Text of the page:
If you're a black or Asian user of gay dating app Grindr, then it's possible you've encountered racism while using it. Some users of the app have said they've come across what they believe are discriminatory statements on other profiles - things like "no blacks and no Asians". Others say they've faced racist comments in conversation with users when they've rejected their advances. Now Grindr has taken a stand against discrimination on its platform and says no user is entitled to tear another down for "being who they are". It's launched the #KindrGrindr campaign to raise awareness of racism and discrimination and promote inclusivity among users.
Google is developing a version of its search engine that will conform to China's censorship laws, reports say. The company shut down the engine in 2010, complaining that free speech was being limited. But online news site The Intercept says Google has being working on a project code-named Dragonfly that will block terms like human rights and religion, a move sure to anger activists. One state-owned newspaper in China, Securities Daily, dismissed the report. "We provide a number of mobile apps in China, such as Google Translate and Files Go, help Chinese developers, and have made significant investments in Chinese companies like JD.com," it said.
In 2010, Google made a moral calculus. The company had been censoring search results in China at the behest of the Communist government since launching there in 2006. But after a sophisticated phishing attack to gain access to the Gmail accounts of Chinese human rights activists, Google decided to stop censoring results, even though it cost the company access to the lucrative Chinese market. Across nearly a decade, Google's decision to weigh social good over financial profit became part of Silicon Valley folklore, a handy anecdote that cast the tech industry as a democratizing force in the world. But to tech giants with an insatiable appetite for growth, China's allure is just as legendary.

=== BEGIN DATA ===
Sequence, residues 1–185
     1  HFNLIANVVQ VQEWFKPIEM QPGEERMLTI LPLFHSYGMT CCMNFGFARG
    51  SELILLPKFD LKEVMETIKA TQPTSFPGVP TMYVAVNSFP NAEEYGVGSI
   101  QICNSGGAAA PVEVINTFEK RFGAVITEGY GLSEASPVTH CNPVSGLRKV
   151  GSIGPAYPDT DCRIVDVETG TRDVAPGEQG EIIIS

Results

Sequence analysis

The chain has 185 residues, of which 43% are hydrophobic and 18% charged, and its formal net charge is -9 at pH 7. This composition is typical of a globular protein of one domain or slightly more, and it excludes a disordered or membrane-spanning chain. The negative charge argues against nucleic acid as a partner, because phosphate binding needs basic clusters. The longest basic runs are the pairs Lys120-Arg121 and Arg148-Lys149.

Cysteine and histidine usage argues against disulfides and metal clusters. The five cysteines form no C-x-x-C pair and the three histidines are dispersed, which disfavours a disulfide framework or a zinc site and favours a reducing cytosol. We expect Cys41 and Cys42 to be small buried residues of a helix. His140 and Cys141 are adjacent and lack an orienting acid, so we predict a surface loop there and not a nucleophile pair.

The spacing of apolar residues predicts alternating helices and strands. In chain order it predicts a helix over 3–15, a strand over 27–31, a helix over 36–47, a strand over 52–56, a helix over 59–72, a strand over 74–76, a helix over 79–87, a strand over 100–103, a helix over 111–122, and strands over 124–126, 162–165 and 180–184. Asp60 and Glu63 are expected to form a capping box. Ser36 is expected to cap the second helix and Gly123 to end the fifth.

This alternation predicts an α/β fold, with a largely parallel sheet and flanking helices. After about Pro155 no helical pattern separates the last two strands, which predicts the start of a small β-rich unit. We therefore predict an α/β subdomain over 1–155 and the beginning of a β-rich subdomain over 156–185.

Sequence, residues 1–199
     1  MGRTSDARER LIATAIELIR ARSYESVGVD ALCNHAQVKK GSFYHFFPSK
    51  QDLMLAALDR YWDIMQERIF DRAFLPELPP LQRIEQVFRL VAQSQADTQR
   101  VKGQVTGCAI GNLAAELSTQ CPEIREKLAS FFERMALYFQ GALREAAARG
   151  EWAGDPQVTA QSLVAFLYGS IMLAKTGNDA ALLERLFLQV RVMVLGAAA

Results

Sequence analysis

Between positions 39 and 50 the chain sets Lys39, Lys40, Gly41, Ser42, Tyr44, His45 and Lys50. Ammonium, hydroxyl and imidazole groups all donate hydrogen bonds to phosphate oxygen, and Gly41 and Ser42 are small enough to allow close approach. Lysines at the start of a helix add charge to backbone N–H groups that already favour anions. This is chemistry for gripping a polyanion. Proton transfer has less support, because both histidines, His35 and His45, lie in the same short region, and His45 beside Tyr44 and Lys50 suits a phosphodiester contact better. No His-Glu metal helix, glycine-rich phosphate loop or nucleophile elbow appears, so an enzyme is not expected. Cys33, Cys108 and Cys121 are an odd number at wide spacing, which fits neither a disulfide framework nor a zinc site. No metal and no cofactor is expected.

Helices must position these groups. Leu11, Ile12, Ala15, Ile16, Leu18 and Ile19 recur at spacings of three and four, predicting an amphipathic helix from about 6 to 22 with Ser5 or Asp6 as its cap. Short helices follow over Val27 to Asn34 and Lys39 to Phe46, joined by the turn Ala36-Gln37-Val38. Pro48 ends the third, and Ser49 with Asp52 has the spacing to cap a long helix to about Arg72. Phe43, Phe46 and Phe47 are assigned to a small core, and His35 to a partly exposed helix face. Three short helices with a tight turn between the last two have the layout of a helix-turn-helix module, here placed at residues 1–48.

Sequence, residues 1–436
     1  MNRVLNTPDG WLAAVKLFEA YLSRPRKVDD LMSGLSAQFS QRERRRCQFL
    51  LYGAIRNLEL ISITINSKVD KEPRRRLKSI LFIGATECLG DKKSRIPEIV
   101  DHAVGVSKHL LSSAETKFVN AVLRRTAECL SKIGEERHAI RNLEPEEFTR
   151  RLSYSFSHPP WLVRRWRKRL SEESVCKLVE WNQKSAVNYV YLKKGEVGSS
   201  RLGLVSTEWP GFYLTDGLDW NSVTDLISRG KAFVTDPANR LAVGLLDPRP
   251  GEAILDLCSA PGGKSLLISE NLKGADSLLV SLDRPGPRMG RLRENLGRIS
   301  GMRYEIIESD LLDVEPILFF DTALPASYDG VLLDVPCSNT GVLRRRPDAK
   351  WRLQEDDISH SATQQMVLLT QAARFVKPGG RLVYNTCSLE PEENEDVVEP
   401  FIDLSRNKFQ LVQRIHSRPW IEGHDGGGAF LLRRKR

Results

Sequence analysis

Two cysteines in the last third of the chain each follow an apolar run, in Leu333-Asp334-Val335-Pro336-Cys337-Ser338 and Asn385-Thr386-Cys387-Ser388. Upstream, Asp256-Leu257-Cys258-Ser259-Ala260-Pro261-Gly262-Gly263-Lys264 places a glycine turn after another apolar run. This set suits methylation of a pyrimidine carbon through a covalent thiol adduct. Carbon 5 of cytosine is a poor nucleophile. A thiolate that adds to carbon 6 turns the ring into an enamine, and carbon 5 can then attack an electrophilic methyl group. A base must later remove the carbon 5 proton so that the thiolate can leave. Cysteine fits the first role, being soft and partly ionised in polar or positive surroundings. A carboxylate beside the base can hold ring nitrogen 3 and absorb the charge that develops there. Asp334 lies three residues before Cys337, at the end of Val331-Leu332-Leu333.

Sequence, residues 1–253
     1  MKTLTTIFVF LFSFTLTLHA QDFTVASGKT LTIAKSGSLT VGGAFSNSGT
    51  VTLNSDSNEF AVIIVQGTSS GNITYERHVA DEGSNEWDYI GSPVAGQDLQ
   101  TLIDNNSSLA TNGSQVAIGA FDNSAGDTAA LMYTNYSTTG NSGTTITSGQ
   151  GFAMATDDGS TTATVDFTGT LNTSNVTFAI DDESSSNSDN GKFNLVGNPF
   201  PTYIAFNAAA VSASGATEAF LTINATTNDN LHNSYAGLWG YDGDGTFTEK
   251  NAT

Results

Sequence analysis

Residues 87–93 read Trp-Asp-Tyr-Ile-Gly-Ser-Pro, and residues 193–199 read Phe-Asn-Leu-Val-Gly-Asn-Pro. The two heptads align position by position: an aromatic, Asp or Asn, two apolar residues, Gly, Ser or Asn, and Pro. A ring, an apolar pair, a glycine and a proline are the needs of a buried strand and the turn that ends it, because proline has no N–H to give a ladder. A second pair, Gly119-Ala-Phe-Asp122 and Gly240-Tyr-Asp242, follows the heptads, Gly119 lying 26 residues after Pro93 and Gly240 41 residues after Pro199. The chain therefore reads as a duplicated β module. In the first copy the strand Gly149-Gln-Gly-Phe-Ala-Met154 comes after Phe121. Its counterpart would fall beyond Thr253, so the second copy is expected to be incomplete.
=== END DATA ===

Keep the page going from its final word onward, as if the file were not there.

Google is reportedly going to launch a censored version of its search engine in China. The tech giant has been secretly planning to launch the product since last year, as part of a project referred to inside the company as'Dragonfly,' according to The Intercept, which was given internal documents from a whistleblower. It comes as Google has tried and failed to make inroads in the Chinese market over the past several years. Google has been planning to launch the product since last year, as part of a project referred to inside the company as'Dragonfly.' While China is home to the world's largest number of internet users, a 2015 report by US think tank Freedom House found that the country had the most restrictive online use policies of 65 nations it studied, ranking below Iran and Syria.
A photo from a summer camp posted to the camp's website so parents can view them. Venture capital-backed Waldo Photos has been selling the service to identify specific children in the flood of photos provided daily to parents by many sleep-away camps. Camps working with the Austin, Texas-based company give parents a private code to sign up. When the camp uploads photos taken during activities to its website, Waldo's facial recognition software scans for matches in the parent-provided headshots. Once it finds a match, the Waldo system (as in "Where's Waldo?") then automatically texts the photos to the child's parents.